- Your no longer care about any semblance of fashion.
- The air is much thinner and running is nearly impossible. I just learned that last night as I was racing to get back to my car after the Twolves game. This "thing I learned" about the cold might just mean I am out of shape, but I choose to believe my first point.
- Don't underestimate the dangers of driving on the road and don't overreact. You won't be able to break or turn as easily, but the worst thing you do is start panicking.
- Commute = X. Commute driving in freezing, snowing weather = 2X...at minimum. For those of you who forgot basic algebra that means that if your commute is 15 minutes then you should set your expectations of a commute in bad weather at 30 minutes.
- You would think people would be more cautious about their driving in the snow. Most are. However, some getting annoyed about how long their commute is still take the time in the car to put on their makeup (saw that today) or text. These people get in car accidents and contribute to the point above.
- Your two most important articles of clothing are what you put on your feet (boots preferably) and head. This is under the assumption that you have a coat to put your hands in, because otherwise you can add gloves to that list. One of the best purchases I (well my Mom) ever made were some expensive Gortex boots that I can walk through snow, ice, water and not feel a thing.
- If you don't wear appropriate shoes or gloves then the best thing you can do is put them in lukewarm water to thaw them out. It is kind of like thawing out frozen chicken.
- Minnesotans do enjoy the summer more because of the winters.
- Walking on a frozen lake has a feeling of dread. I can only imagine what it is like to drive a car on a frozen lake.
- Extremely cold days are mentally and physically exhausting. Simple things like driving to work or going to get dinner can feel like tremendous undertakings. That combined with the fact that is dark for 17 hours of the day can mean that you get a lot of sleep.
- A sunny day with no clouds in sight might look like a nice day from your window, but all it really means is that it is -10 degrees. In Ohio I would go months without seeing the sun in the winter, so I automatically associated sun with heat. That and the fact that the sun is supposed to provide warmth. Well in Minnesota a sunny day doesn't necessarily mean any heat and I think it can actually mean that the day is colder than expected.
Now it is off to watch the mighty Redhawks compete against Cincy in basketball on ESPN 2.
Thursday, December 3, 2009
When I was a kid I collected basketball cards. There wasn't much of a greater thrill than opening up a new pack of cards and seeing what treasures awaited me. I would sort out the "commons" and pull out the rookies, superstars or inserts. From those cards I would then look them up in the monthly card magazine Beckett and see what was the quoted price for the month. A 92/93 Shaq rookie card - $10. Nice. I would relay the good news to my Dad and he would always answer my enthusiasm with the question "how much could you sell the card for?" I would then say that if I went to the card shop that I could probably get half of Beckett's quoted price or in this example $5. He would calmly reply that the card was then worth $5. This was confusing to me as a kid because I could see in print that the card was listed as $10. My Dad (being the Louis Rokeyser of North Jackson) would try to explain to me about the stock market, but all of this was above my head. His overall point was that the monetary value of a good was equal to what somebody would pay for it. Simple. Right?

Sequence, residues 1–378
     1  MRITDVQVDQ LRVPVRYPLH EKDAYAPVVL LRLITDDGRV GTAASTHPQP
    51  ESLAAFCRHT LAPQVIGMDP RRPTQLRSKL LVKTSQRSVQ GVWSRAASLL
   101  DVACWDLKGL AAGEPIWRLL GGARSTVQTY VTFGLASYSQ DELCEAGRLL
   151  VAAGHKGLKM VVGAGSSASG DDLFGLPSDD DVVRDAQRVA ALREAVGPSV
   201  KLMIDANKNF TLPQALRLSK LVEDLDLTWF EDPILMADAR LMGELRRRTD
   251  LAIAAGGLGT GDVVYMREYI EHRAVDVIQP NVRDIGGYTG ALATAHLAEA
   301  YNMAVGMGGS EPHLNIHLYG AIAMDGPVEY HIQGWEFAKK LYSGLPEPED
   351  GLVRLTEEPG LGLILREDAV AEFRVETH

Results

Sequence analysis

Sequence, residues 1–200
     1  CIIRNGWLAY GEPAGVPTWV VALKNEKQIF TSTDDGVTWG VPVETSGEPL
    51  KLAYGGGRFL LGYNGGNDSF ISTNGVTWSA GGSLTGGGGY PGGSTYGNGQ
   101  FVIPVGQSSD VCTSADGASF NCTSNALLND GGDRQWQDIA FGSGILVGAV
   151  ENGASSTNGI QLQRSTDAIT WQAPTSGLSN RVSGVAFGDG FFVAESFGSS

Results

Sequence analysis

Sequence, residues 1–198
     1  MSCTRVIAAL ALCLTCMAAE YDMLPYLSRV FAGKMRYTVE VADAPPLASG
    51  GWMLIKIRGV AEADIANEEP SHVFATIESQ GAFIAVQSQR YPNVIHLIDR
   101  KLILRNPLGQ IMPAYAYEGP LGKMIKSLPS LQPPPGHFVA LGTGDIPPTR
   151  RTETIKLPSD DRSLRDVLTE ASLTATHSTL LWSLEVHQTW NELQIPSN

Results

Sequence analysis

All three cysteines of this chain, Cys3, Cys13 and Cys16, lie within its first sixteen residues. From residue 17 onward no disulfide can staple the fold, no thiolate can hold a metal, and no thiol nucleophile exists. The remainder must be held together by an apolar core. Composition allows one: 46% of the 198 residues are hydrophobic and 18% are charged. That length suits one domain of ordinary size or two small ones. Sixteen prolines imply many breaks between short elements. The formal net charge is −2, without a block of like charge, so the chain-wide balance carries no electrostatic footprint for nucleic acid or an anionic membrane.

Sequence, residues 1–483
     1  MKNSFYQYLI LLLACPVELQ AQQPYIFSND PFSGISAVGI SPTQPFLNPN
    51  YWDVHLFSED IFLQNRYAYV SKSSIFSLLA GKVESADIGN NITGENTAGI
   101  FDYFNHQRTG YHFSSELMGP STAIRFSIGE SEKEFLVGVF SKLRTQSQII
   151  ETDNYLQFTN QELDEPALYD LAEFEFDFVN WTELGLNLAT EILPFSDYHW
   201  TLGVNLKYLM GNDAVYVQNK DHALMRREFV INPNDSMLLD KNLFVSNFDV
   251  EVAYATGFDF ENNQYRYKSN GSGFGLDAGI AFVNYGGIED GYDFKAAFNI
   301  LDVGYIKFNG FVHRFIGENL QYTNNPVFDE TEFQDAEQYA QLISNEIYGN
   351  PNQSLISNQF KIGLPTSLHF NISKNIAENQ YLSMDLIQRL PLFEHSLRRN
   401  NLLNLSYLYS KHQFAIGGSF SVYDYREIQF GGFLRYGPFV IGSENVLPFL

I bring up that flashback into my childhood because I feel like it provides good context on how I view the world of scalping. I think scalping is free market capitalism at its best and worst. How much is a game worth? It is worth what you are willing to spend. The fact that a ticket has a face value of $125 only provides a starting point of what the ticket might actually be worth. Is it a $125 ticket to Duke-UNC at Cameron or is a $125 ticket to Twolves-Raptors? I think too many people think of a sporting ticket as if it is an Ipod you would buy at Target. You are wasting money if you go to www.nba.com/timberwolves/tickets and you buy a ticket for what they are charging you. This isn't Target. You can negotiate.
This is probably the #1 stumbling block for most people who might want to buy tickets through a scalper, but instead purchase the tickets from ticketmaster or the team. Where do you go to buy tickets? There have 3 different ways that I have purchased tickets through a 3rd party:
1. Street scalpers -
Approaching the Metrodome, Target Center, Exel Center, etc I am always greeted with the familiar calls of "tickets, who needs tickets." These are almost always men (I have never once dealt with a female ticket scalper) and should be situated as close as possible to the stadium. You should see and hear them and not have to go looking for scalpers, but some markets either have very few scalpers (US Cellular Field in Chicago) or have a designated scalping zone (Miller Park in Milwaukee). My experience is that I have probably bought 80% of my scalped tickets through the street scalpers.
2. Online -